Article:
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This seemingly natural body function of a new mom doesn’t come as easy as you may think. Some mums struggle to breastfeed after giving birth, especially with their first child. From problems with latching and low milk supply to feeling immense pressure from family to breastfeed the child, every mum goes through a unique journey when it comes to feeding. Some expert advice from lactation consultants, your OB/Gyn, a registered nurse, dai ma, your mother-in-law or mum, can really be helpful if you’re feeling overwhelmed, unsure, or underprepared.

1. What are the benefits of breastfeeding for both mother and baby?

For The Baby: Breast milk contains all the right nutrients in the right quantity for the baby. It almost acts like a vaccine as it contains antibodies that protect your child from viruses and bacteria. – For the first six months, the baby’s immune system is weak and it is vulnerable to diseases like cold and cough, ear infections and gut infections. Breastfeeding reduces the risk of such diseases and improves the health of your child.

2. Until what age should a child be breastfed?

Dr Ananya states, “According to the World Health Organisation (WHO), all babies should be exclusively breastfed for the first six months. You should start homemade foods for the baby after 6 months of age, and continue to breastfeed until the child is two years or as the mother and baby desire.” Dr Ranjana’s adds, “Exclusive breastfeeding up to six months for infants allows them access to an easily digestible and suitable form of protein, sugar and fat for the unique needs of a newborn.”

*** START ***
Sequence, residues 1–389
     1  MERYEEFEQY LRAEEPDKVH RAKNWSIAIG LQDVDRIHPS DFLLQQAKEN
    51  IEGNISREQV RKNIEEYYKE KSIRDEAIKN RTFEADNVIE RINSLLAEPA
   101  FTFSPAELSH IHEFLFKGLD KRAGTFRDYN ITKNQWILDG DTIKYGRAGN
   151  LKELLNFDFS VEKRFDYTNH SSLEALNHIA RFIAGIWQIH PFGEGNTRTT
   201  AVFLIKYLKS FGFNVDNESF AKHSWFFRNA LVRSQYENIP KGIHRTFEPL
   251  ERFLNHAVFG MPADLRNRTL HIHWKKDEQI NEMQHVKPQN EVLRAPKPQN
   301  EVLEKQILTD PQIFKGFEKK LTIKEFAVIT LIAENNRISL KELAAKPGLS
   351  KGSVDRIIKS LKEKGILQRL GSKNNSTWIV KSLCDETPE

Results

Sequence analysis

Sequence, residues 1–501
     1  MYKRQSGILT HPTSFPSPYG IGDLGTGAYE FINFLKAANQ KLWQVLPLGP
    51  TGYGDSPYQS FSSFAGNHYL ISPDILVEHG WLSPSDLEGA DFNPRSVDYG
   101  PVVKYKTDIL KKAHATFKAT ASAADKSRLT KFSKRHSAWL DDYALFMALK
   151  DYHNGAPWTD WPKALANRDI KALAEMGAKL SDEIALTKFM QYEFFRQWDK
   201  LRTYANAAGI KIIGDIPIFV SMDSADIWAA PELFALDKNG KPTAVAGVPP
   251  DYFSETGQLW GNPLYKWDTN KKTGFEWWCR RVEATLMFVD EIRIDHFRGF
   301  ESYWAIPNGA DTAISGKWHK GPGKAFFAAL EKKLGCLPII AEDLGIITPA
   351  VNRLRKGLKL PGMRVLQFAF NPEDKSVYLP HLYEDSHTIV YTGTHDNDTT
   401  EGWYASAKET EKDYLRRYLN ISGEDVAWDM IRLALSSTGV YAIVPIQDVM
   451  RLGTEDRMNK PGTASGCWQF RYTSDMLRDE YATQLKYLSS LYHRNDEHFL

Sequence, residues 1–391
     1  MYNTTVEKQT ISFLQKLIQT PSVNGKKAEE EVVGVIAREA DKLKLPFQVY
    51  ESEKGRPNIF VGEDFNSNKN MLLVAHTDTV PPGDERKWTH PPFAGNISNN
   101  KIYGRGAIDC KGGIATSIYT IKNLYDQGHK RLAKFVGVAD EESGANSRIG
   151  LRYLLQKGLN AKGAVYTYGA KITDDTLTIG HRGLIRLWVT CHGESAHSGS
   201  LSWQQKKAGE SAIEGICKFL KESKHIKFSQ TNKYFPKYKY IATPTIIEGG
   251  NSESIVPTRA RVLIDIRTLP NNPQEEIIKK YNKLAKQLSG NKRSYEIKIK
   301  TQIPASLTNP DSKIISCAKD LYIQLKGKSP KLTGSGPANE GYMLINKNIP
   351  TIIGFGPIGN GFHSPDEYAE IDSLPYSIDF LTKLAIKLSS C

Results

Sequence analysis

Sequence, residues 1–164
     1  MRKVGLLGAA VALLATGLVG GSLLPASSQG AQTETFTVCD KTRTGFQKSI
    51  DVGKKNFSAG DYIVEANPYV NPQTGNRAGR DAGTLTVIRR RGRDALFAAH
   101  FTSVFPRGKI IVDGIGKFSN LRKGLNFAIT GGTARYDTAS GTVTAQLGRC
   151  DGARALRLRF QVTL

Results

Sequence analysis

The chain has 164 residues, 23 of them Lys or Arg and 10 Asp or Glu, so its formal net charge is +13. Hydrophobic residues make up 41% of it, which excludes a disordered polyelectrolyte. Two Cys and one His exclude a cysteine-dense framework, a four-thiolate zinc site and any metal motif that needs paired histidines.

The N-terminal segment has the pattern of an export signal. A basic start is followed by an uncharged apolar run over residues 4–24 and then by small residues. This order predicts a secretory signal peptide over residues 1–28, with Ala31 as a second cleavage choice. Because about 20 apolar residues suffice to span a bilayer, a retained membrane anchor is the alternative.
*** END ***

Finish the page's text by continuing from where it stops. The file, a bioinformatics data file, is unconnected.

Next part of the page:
3. What are the reliable signs a baby is not getting enough milk?

– “Baby is passing a small amount of urine (less than 6 times a day) after 6 days of life. – Baby is gaining less weight (less than 500gm a month) or is less than birth weight after 2 weeks of life. Keep a lookout for these signs,” says Dr Ananya.

4. What does latch mean in breastfeeding? How do I know if the baby has latched on properly?

Dr Ananya explains latching as nothing but how your baby attaches to your breast to breastfeed. A good latch is essential to have a successful breastfeeding session. She says that a latch is considered proper if there are these signs: – Baby’s mouth is wide open – Baby’s lower lip is turned out like a fish against the breast – Baby’s chin touches the breast – You can see more of the areola above the baby’s mouth and less below